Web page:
We Were Once a Family, with Author Roxanna Asgarian

On this week’s podcast we discuss some updates on the Indian Child Welfare Act front, Minnesota becomes a trans youth refuge, and the blind spot in America’s knowledge of youth justice. 

Imprint alum Roxanna Asgarian joins to discuss her new book, “We Were Once a Family: A Story of Love, Death, and Child Removal in America,” which traces the lives and families of six children killed by their adoptive parents in March of 2018.

Guest Interview Details

Roxanna Asgarian is a Texas-based journalist who writes about courts and the law for The Texas Tribune. She is the author of “We Were Once a Family: A Story of Love, Death, and Child Removal in America.”

Reading Room

Indian Child Welfare Act Think Tank to Strategize Legal Protections for Tribal Sovereignty http://bit.ly/3YHTpeT With Supporters from Indian Country Looking on, Minnesota Lawmakers Vote to Protect Indigenous Families http://bit.ly/40jn7Z9 Governor Signs Law that Codifies Indian Child Welfare Act Provisions into State Statute http://bit.ly/3YWsP21 Calling for ‘Love’ not ‘Hate,’ Minnesota Governor Declares His State a Refuge for Trans Youth https://bit.ly/3L82c6M On Point, March 9: Journalist Hannah Barnes on The Inside Story of The Collapse of Tavistock’s Gender Identity Clinic https://www.npr.org/podcasts/510053/on-point We’re Building a New Path to Prioritize Kin https://bit.ly/3mriEER New Mexico Has Lost Track of Juveniles Locked Up for Life. We Found Nearly Two Dozen. http://bit.ly/3yuTurI Federal Study on Transfers of Juveniles Delayed, Again http://bit.ly/3FhI91W We Were Once a Family: A Story of Love, Death, and Child Removal in America http://bit.ly/3FkaUuV Read Roxanna Asgarian’s coverage of child welfare for The Imprint https://imprintnews.org/author/roxanna-asgarian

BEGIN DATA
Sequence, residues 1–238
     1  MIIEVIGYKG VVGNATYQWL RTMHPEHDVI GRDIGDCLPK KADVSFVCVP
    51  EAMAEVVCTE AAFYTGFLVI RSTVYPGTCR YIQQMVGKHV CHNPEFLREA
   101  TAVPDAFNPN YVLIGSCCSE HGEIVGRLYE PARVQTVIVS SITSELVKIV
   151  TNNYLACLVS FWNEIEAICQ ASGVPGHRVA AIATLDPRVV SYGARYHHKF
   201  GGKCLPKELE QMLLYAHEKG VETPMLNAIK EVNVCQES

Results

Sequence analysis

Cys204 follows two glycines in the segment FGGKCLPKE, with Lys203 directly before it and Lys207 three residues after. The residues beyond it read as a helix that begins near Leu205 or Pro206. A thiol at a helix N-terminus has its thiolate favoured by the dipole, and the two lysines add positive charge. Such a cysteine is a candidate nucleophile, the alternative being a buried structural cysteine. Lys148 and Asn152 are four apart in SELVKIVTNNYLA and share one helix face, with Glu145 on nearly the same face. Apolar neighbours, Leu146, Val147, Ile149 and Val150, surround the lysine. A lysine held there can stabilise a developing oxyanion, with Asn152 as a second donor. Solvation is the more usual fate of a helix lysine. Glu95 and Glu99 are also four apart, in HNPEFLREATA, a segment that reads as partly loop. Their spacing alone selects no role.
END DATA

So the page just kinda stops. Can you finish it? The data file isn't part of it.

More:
Confronting Racism in Child Welfare Organizations

On this week’s podcast, reporter Julie Reynolds Martinez drops in to discuss a two-part series published by The Imprint and Voices of Monterey Bay about Corey Glassman, who was convicted as a teen for the brutal killing of a classmate. Glassman’s path through the incarceration system to recent parole epitomizes the changing tides in public attitude and policy about horrific crimes committed by youth.

Guest Interview Details

Beverly Jones, child operating officer for Lutheran Child and Family Services, joins us to talk about her organization’s efforts to identify massive racial disparities in the outcomes of the kids it serves, and what Lutheran did to change that trajectory.

Reading Room

The Corey Glassman Story Part I: Redemption Delayed https://bit.ly/3yrikrf Part II: Earning Freedom https://bit.ly/2SAhEzb

Post-Adoption America with April Dinwoodie

On this week’s podcast we discuss the tragic deaths of Ma’khia Bryant and Aviva Okeson-Haberman, the system clawing back social security from youth in foster care, and new research on termination of parental rights.

Guest Interview Details

April Dinwoodie joins us to discuss what we’ve learned (and what we haven’t) when it comes to supporting adoptions and guardianships in America, and what she thinks of the recent calls to repeal or revisit federal adoption legislation. 

Reading Room

‘We Should Not Be Here Today’: Ma’Khia Bryant, 16, Mourned, Celebrated at Her Funeral https://bit.ly/2QDY70u Remembering KCUR Reporter Aviva Okeson-Haberman https://n.pr/3h1Xzwd Foster Care Agencies Take Thousands of Dollars Owed To Kids Most Children Have No Idea https://bit.ly/3vHyjPX Coming Soon to Congress: Discussion on Child Support Clawback https://bit.ly/3oJjvgH New Study Confirms High Prevalence of Investigations, Loss of Parental Rights https://bit.ly/32B1GXl Five Early-Career Researchers Selected for the William T. Grant Scholars Class of 2026 https://bit.ly/338y9Vo North Carolina D.A. Erases Criminal Records for Former Juvenile Offenders https://bit.ly/3dRhBY5 Former Foster Youth’s Bill Signed: At Every Washington State School, a Foster Care Coordinator https://bit.ly/3vyBFEE Profiles in Permanency https://bit.ly/3xRkgJs